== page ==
Hereford – Did the Tribunal misread the 2003 Act?
It’s been pointed out to me that the Employment Tribunal judgement on Reaney vs. the Hereford DBF contains either a typo OR a misreading of the 2003 Employment Equality (Sexual Orientation) Regulations. Let me explain.
In section 69 (no jokes now please) of their judgement the tribunal reference regulation 7(3) of the 2003 Regulations and they write the following:
Regulation 7 is headed ‘Exception for General Occupational Requirement etc”. Regulation 7(3) says:
This paragraph applies where –
(a) The employment is for the purposes of an organised religion;
(b) the employer applies a requirement to sexual orientation –
(i) so as to comply with the doctrines of the religion or
(ii) because of the nature of employment and the context in which it is carried out, so as to avoid conflicting with the strongly held religious convictions of a significant number of the religion’s followers-, and
(i) the person to whom that requirement is applied does not meet it, or
(ii) the employer is not satisfied and in all the
circumstances it is reasonable for him not to be satisfied, that that person meets it”,
Got that? The problem is, the actual regulations read:
(3) This paragraph applies where –
(a) the employment is for purposes of an organised religion;
(b) the employer applies a requirement related to sexual orientation –
(i) so as to comply with the doctrines of the religion, or
(ii) because of the nature of the employment and the context in which it is carried out, so as to avoid conflicting with the strongly held religious convictions of a significant number of the religion’s followers; and
Did you see the difference? Section 7 (3) b allows an exemption where “the employer applies a requirement related to sexual orientation” but the tribunal reported it as “the employer applies a requirement to sexual orientation“. The difference is crucial. The way the law is framed allows a religious employer to make a discrimination based upon something related to a particular sexual orientation – i.e. it could demand something more or less exacting from someone who was a heterosexual as opposed to a homosexual. The way that the Tribunal reported 7 (3) b makes is read as though a religious organisation could discriminate if a job required one to be heterosexual or homosexual – hardly a requirement for a youuth worker job one would think.
Why is this important? Well sections 97 and 98 outline the reasons why the Tribunal found Hereford++ guilty of directly discriminating. They write:
97. In considering the question of why the Claimant was not appointed to the post of Diocesan Youth Officer, we consider that the regulations do not make a distinction between the mere fact of being gay and expressing that sexual orientation in behaviour. We accept the Claimant’s submissions that the regulations must be read consistently with Convention rights, as Richards J considered to be the right interpretation in the AMICUS case. In particular “Sexual orientation and its manifestation of sexual behaviour are both inextricably connected with a person’s private life and identity”. Therefore, if the question is asked whether, but for his sexual orientation, the Claimant would have been treated as he was, the answer is “No”. The “Issues” document being considered and raised is concerned with gay sexual orientation. Bishop Priddis would not have considered that further questioning was necessary if the Claimant’s homosexuality had not been raised. The Claimant would have not been required to, in effect, convince the Bishop of his future intentions to the sort of standard that was being consciously or unconsciously required by Bishop Priddis. The fact that Bishop Priddis was not prepared to accept the assurance given to Dr Terry when the Claimant was interviewed, is very clear evidence of particular concern on the part of Bishop Priddis and indicates the fact that the Claimant was gay to be the reason why the Claimant was not appointed.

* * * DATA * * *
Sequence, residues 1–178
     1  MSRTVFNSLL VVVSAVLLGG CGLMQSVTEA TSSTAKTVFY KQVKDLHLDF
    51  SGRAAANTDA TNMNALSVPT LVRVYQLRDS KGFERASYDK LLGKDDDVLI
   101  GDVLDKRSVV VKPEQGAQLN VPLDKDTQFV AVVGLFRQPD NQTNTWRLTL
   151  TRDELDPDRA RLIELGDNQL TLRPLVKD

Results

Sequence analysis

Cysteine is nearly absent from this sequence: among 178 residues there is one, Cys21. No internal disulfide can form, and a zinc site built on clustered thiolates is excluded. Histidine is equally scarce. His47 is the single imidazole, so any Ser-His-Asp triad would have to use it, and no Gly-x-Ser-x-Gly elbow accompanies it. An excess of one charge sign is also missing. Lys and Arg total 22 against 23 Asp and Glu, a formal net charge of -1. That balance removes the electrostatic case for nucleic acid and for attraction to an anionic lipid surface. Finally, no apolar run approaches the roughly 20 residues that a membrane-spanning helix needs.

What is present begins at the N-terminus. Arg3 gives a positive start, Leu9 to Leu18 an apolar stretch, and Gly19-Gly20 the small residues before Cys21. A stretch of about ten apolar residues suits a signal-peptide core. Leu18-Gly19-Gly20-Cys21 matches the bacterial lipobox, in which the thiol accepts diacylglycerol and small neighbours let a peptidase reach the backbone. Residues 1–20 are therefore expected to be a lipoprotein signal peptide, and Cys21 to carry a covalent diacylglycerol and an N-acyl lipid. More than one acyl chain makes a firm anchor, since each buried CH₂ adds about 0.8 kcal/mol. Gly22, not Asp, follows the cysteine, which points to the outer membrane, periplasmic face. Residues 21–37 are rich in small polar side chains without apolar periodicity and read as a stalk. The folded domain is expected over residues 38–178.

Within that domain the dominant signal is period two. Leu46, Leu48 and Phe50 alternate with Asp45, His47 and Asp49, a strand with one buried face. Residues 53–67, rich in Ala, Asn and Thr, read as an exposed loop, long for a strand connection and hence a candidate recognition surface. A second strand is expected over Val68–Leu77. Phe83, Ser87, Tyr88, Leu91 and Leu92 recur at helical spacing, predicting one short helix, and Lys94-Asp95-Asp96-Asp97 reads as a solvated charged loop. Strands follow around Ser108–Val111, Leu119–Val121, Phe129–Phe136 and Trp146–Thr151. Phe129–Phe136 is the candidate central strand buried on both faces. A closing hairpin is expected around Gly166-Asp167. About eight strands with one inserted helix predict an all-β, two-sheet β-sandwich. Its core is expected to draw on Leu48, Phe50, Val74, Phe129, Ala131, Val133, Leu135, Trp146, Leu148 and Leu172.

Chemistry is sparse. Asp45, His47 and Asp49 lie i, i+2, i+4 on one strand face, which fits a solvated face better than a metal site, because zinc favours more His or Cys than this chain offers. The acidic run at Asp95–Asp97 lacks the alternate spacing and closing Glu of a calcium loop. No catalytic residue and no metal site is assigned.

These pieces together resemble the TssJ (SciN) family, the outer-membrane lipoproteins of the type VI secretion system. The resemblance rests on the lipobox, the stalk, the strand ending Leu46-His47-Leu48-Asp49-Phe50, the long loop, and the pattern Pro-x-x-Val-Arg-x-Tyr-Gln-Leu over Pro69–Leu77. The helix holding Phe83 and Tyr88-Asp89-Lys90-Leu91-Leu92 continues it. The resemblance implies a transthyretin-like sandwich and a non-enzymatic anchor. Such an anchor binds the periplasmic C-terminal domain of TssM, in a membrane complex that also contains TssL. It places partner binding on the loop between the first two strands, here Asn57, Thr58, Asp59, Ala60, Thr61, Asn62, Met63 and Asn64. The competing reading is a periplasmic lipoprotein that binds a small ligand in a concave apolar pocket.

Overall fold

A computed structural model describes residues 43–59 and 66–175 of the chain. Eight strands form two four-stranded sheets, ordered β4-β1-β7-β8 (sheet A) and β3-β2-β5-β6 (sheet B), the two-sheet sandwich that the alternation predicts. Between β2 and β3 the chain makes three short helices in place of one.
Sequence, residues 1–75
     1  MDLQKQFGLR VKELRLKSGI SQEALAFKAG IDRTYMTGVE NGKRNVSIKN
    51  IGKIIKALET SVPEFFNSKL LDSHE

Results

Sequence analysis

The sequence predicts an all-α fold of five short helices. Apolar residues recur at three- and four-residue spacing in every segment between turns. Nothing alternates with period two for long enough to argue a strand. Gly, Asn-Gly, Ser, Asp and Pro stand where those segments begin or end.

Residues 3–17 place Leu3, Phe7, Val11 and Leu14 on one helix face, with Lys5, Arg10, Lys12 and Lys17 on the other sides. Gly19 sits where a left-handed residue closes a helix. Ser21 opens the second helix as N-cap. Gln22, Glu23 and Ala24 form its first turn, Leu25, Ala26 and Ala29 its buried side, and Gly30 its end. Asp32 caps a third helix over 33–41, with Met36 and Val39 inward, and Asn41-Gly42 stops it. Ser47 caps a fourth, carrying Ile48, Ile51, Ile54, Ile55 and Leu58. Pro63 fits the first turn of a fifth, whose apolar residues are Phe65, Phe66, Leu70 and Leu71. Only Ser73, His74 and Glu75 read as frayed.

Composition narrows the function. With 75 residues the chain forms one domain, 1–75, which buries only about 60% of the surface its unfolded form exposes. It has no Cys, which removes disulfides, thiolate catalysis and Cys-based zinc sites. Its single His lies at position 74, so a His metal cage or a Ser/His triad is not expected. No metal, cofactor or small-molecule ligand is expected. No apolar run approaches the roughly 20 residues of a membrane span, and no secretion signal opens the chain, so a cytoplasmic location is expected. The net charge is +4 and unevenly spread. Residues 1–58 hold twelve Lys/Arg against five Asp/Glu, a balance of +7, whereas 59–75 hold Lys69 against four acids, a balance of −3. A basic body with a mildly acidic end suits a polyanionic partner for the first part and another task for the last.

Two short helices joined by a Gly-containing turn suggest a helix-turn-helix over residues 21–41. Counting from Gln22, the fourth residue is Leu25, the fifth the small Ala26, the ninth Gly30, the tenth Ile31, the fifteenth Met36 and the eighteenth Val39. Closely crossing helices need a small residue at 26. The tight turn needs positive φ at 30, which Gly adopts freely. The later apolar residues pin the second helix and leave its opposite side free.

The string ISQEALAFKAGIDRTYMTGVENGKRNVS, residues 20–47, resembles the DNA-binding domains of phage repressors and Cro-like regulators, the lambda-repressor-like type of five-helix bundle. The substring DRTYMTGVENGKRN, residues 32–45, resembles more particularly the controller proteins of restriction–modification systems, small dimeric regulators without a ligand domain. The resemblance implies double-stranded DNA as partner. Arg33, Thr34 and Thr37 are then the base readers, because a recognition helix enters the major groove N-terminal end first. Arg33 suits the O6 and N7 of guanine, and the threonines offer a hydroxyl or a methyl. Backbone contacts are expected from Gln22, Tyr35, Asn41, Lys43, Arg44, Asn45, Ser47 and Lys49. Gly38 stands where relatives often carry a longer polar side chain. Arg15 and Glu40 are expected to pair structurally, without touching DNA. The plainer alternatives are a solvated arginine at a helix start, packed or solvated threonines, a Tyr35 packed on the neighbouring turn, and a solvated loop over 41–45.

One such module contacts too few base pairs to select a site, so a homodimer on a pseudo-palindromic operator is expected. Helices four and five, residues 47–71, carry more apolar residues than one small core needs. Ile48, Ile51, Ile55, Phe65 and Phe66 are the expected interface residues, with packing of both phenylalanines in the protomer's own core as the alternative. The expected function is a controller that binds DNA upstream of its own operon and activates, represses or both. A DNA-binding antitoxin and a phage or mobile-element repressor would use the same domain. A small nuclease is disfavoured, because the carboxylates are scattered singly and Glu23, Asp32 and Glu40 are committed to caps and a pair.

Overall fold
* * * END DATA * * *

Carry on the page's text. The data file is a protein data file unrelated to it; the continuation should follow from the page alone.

98. We consider that (on the ground of his sexuaJ orientation) the Claimant was treated less favourably by Bishop Priddis than Bishop Priddis would treat other persons within the meaning of Regulation 3.
Do you see the point? The Tribunal argued that Reaney was directly discriminated against because he was asked questions about his sexual conduct which he wouldn’t have been asked if he was heterosexual. For this reason they rule that the Bishop acted unlawfully. But examining the Regulation as it is actually worded, not how the Tribunal reported it, we can see in section 7 (3) b that a religious employer is perfectly entitled to apply an exemption that is related to sexual orientation. Does this mean that it was perfectly lawful (whether or not it was moral) for Bishop Priddis to question Reaney about his sexual behaviour, precisely because his prior sexual behaviour was homosexual and Issues in Human Sexuality highlighted homosexual behaviour in a way it didn’t heterosexual?
If I’m right it means that the ruling of direct discrimination could be overturned at appeal and all we would be left with is a ruling that Bishop Priddis was perfectly entitled to apply Issues but in practice applied it incorrectly, a ruling that most of us agree with (and which would begin to set as a precedent the principle that the Church of England can discriminate on matters of doctrine and pastoral practice).
Lawyers, your opinions please!!